A clever infomercial advertising the central device of the film: a memory-erasing process that can be used to delete unwanted experiences from your history. And then . . . feel-good music, a long montage of people laughing, bouncing, smiling, and being whimsical. Oh, and Mark Ruffalo and Kirsten Dunst dancing in their underwear. To watch it, you’d think this was a low-brainpower rom-com with a faux science fiction edge.
This is a Michel Gondry film. You know, Michel Gondry . . . who before directing this film was best known by his experimental music videos for Bjork, The White Stripes, and Daft Punk. Eternal Sunshine of the Spotless Mind is a dark, sometimes comic and psychedelic piece on the value of broken hearts, failed romances, and painful memories. It is poignant in places, funny in others, and can create an almost stomach-churning sense of regret, none of which, it seems fair to say, comes across in either smiles, whimsical laughter, or people dancing in their underwear.
A film in which our female protagonist, some sort of highly trained combat operative (played by an ass-kicking Gina Carano), fights and potentially defeats Michael Fassbender, engages in crazed MMA foot-and-fisticuffs with enemies in a variety of locations, and then ultimately threatens revenge against Ewan MacGregor for betraying her. No real hint of a plot, except, presumably, some behavior that justifies a lot of serious kicking of ass.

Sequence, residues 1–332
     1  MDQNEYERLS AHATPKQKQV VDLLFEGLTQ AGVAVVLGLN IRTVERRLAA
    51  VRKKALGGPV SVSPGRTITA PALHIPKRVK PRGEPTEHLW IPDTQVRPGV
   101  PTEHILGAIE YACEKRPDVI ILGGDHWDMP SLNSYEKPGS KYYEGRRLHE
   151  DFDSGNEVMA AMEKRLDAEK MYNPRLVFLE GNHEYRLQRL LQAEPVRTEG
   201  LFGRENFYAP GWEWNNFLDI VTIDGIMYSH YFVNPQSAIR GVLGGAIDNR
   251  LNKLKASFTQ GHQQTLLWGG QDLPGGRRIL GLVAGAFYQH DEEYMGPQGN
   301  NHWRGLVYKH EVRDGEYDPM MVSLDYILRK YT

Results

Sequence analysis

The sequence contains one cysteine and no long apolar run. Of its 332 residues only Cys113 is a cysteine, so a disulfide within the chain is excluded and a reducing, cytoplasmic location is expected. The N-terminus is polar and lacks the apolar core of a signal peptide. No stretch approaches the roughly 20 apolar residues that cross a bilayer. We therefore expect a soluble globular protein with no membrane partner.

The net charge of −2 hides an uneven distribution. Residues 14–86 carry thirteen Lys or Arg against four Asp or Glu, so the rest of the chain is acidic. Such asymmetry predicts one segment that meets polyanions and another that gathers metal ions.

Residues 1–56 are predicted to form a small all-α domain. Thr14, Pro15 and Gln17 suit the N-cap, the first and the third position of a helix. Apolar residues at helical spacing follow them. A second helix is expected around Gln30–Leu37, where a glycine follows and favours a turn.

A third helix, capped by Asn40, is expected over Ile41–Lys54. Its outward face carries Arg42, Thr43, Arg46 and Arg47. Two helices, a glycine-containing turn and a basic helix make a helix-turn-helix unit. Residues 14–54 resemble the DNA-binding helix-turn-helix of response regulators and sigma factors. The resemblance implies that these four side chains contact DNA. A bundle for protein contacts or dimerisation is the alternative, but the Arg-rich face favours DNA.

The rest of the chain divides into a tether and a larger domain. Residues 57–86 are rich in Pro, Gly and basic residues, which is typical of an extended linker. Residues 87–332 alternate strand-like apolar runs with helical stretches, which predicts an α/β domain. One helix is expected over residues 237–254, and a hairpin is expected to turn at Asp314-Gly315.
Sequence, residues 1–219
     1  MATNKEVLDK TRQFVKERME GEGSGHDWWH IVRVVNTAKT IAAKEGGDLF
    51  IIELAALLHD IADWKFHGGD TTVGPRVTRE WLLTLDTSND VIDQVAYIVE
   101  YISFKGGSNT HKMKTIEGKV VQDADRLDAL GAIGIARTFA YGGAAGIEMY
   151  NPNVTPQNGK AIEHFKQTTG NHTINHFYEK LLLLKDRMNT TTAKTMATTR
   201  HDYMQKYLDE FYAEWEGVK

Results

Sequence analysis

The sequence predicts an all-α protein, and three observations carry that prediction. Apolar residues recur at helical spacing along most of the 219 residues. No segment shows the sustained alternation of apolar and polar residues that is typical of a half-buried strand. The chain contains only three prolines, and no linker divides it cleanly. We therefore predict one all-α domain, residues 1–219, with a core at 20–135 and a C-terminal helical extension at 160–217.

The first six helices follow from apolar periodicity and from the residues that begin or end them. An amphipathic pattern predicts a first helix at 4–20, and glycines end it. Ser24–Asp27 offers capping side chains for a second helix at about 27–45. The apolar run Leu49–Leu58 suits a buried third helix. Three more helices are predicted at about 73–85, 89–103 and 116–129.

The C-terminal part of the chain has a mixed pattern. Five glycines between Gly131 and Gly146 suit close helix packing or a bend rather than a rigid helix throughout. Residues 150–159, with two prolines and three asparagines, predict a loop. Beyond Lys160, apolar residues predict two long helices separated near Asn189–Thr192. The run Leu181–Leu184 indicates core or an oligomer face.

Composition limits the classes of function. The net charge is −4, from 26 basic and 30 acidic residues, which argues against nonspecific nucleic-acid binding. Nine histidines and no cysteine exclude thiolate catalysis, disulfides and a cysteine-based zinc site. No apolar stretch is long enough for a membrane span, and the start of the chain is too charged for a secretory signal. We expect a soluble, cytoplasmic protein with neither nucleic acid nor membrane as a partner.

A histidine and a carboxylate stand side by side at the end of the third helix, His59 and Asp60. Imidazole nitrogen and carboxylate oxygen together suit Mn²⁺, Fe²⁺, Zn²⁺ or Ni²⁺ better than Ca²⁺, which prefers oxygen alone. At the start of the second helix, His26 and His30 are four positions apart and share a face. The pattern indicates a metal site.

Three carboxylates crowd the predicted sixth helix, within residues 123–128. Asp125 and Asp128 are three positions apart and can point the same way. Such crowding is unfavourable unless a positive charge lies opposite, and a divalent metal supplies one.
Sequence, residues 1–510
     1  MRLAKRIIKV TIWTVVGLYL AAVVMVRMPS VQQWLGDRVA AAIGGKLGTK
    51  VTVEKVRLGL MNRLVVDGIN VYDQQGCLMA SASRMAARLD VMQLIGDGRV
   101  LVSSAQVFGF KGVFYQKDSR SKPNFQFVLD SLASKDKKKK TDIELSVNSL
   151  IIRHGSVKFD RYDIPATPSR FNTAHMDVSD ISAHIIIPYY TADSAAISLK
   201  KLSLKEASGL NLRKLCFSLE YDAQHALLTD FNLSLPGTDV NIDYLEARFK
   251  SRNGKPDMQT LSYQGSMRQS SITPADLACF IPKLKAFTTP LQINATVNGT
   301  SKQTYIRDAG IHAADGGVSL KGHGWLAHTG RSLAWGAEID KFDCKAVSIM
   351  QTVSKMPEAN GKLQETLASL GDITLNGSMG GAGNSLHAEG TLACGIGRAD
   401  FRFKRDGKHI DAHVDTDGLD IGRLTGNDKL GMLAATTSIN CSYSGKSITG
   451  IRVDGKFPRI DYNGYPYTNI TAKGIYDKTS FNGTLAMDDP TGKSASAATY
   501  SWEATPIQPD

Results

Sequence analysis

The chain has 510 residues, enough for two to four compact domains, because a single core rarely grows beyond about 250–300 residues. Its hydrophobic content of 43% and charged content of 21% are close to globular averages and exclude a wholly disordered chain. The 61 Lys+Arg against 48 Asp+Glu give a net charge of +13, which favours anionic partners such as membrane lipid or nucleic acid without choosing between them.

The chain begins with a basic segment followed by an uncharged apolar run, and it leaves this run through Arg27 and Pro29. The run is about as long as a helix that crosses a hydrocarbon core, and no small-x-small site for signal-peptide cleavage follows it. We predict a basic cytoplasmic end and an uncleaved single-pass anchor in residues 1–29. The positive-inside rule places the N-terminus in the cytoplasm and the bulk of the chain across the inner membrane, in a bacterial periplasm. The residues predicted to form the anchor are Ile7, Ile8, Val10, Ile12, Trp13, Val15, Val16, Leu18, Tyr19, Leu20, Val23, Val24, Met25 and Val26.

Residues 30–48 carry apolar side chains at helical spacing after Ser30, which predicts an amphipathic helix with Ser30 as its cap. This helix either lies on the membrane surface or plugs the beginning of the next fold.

A well-written, well-paced espionage-thriller, complete with Bourne-franchise quality action that is attempting to deliver a mystery payload. Unfortunately, the mysteries on which the film is trying to build its tension are entirely spoiled by the material in the trailer. In fact, one could argue that every question the film artfully raises is already answered in the trailer, with every villain outed, and almost every significant location where the protagonist fights revealed. Still a great film, but . . . really?
Another British gangster flick, carbon-copied off the pile of similar Guy Ritchie knockoff films that followed in the footsteps of Snatch and Lock, Stock, and Two Smoking Barrels, but with a more continental setting. Fast-paced, fast-talking crime-action schlock, which, in case you weren’t already twitching from the jump cuts provided, is backed by an entirely inappropriate pseudo-ska background track. In short, nothing you’ll regret missing unless you’re already a die-hard fan of the “Cockney Gangster Art Film” niche.
A surprisingly engaging character piece, written by esteemed playwright/screenwriter/director Martin McDonagh, about the relationship between two career hitmen living in the aftermath of a contract job gone wrong, complete with laughs, touches of pathos, and coke-fueled conversations about dwarf race-wars. Despite the trailer’s rush to bring Ralph Fiennes into the picture immediately, the film does a brilliant job of keeping him a hilariously menacing phone-presence until the last possible moment. All in all, a quirky, quotable, well-filmed dark comedy about friendship, loyalty, and consequences.